The American Academy in Rome Awarded Rome Prizes to writer Kirstin Valdez Quade and puppeteer Basil Twist
Two current Princeton University Lewis Center for the Arts faculty members received 2018-19 Rome Prizes from The American Academy in Rome. Writer Kirstin Valdez Quade, a member of the Program in Creative Writing faculty, and guest artist and puppeteer Basil Twist, who is currently c0-teaching a Princeton Atelier course, are among the 29 winners announced at a ceremony on April 12 at in the Frederick P. Rose Auditorium at Cooper Union in New York.
Independent juries of distinguished artists and scholars award the extremely competitive Rome Prizes annually through a national competition. The eleven disciplines supported by the Academy through the Rome Prizes are literature, music composition, visual arts, architecture, landscape architecture, design, and historic preservation and conservation, as well as ancient studies, medieval studies, Renaissance and early modern studies, and modern Italian studies. Over 900 applications were received from 44 U.S. states and Washington, DC, and the winners range in age from 27 to 56. These artists and scholars will receive a stipend, workspace, and room and board for a period of five months to two years at the Academy’s 11-acre campus in Rome.
Kirstin Valdez Quade is recipient of the John Guare Writer’s Fund Rome Prize, a gift of Dorothy and Lewis B. Cullman. She is the author of Night at the Fiestas, which received the John Leonard Prize from the National Book Critics Circle, the Sue Kaufman Prize for First Fiction from the American Academy of Arts and Letters, and a “5 Under 35” award from the National Book Foundation. It was a New York Times Notable Book and was named a best book of 2015 by the San Francisco Chronicle and the American Library Association. Valdez Quade is the recipient of the Rona Jaffe Foundation Writer’s Award and the 2013 Narrative Prize. Her work has appeared in The New Yorker, Narrative, Guernica, The Southern Review, The Best American Short Stories, The O. Henry Prize Stories, and elsewhere. She was a Wallace Stegner Fellow at Stanford University, where she also taught as a Jones Lecturer. She has been on the faculty in the M.F.A. programs at University of Michigan and Warren Wilson and joined the Princeton faculty as an assistant professor in 2015.
Basil Twist is recipient of the Jesse Howard, Jr./Henry W. and Marian T. Mitchell Rome Prize. A native of San Francisco, he is a third-generation puppeteer now living in New York City. He is the sole American to graduate from the École Supérieure Nationale des Arts de la Marionnette in Charleville-Mezieres, France. Twist’s showmanship was spotlighted in New York by The Jim Henson International Festival of Puppetry with his award winning The Araneidae Show. Coupled with the critically and popularly praised and multiple award-winning Symphonie Fantastique, Twist was noted as “a singular artist of unlimited imagination.” Highlights of Twist’s subsequent work have included Petrushka (commissioned by Lincoln Center) and Dogugaeshi (The Japan Society), Behind the Lid (Silver Whale Gallery) with Lee Nagrin and Arias with a Twist (HERE) co-created with nightlife icon Joey Arias. Symphonie and these productions have toured throughout the world. Twist is currently represented on Broadway with Charlie and The Chocolate Factory. Other credits include: Oh, Hello! On Broadway, the puppetry in The Addams Family, for which he won a Drama Desk Award, and staging of the puppetry for the Pee-Wee Herman Show. Twist’s work is deeply musical in nature. He has conceived and directed two successful operas, Ottorini Respighi’s La Bella Dormente Nel Bosco with the Gotham Chamber Opera at the Lincoln Center and Spoleto USA Festivals, Humperdinck’s Hansel and Gretel for the Houston and Atlanta Operas, and Master Peters Puppet Show with the Los Angeles Philharmonic. He has adapted his Petrushka to concert hall staging with full orchestra for the Fort Worth and Phoenix Symphonies. The Atelier course he is currently co-teaching at Princeton with musician/composter Ljova (Lev Zhurbin) focuses on development of a new performative installation entitled Grandma’s Russian Painting inspired by childhood memories of an elaborate painting Twist’s grandmother had near her swimming pool in the desert. This memory performance, where objects and a space take on haunted life of their own, responds to original music by Ljova.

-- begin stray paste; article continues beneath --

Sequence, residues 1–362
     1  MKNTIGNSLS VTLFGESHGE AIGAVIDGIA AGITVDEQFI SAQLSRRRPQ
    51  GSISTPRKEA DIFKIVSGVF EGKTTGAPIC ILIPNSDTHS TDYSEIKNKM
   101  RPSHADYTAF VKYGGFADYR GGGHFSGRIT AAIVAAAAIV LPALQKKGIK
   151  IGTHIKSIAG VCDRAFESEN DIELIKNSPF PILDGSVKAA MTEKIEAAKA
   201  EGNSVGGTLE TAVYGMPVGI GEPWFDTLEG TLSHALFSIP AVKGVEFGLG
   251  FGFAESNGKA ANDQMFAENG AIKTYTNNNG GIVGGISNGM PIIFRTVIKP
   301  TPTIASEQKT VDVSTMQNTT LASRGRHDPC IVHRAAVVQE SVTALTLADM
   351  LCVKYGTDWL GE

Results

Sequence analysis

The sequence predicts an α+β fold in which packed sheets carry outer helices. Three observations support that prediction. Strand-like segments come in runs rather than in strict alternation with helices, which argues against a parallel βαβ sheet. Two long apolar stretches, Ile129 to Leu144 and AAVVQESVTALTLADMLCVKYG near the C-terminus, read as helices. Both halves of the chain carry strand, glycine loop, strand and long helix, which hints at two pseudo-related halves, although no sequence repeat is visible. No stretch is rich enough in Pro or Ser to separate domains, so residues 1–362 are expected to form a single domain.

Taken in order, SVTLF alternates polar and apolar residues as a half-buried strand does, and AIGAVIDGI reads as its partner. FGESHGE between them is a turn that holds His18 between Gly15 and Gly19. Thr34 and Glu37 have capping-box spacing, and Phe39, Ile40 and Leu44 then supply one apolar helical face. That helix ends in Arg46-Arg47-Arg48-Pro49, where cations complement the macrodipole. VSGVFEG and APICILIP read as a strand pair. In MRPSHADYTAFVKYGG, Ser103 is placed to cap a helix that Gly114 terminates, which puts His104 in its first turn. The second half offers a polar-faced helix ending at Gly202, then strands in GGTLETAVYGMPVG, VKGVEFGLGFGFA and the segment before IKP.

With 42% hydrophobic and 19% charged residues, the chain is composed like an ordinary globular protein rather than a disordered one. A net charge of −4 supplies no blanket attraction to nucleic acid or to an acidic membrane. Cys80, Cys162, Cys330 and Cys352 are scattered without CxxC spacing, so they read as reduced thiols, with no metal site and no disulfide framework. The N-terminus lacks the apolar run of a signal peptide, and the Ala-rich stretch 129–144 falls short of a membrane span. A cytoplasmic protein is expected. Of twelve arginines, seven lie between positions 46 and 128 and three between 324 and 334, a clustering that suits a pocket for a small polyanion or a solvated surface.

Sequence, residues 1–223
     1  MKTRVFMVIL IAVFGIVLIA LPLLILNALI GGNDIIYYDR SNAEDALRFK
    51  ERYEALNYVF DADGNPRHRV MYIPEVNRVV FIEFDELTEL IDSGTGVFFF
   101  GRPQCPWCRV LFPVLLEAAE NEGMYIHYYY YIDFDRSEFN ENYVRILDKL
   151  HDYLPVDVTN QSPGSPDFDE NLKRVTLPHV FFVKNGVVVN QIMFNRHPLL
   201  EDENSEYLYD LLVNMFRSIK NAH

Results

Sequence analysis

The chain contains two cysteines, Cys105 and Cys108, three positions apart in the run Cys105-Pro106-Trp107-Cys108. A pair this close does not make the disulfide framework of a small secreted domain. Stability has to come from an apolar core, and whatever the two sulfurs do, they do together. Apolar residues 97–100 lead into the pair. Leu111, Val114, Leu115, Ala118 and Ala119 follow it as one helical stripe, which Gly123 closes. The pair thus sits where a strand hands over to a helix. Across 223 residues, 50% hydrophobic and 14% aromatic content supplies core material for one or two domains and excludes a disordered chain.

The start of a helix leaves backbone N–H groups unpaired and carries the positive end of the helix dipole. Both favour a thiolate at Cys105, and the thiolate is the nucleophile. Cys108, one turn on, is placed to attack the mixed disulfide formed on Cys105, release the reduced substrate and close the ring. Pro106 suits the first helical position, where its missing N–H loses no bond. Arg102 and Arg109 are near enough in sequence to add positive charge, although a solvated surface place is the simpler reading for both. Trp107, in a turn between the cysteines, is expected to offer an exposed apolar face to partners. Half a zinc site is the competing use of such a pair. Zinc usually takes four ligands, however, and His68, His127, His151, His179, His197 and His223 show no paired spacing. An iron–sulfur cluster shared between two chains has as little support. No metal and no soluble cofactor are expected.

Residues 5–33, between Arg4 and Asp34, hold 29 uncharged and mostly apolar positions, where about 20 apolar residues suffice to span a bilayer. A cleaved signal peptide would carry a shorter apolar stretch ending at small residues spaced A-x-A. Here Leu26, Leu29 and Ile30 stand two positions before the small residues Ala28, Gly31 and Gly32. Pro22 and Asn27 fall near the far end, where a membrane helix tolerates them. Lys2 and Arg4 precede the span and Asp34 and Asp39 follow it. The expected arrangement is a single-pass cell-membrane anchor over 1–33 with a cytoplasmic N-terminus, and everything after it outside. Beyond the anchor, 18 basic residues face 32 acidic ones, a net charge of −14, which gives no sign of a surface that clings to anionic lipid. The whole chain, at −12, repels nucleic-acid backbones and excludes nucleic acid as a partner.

To learn more about the Lewis Center for the Arts and the more than 100 public performances, exhibitions, readings, screenings, concerts, guest artist visits and lectures presented each year, most of them free, visit arts.princeton.edu.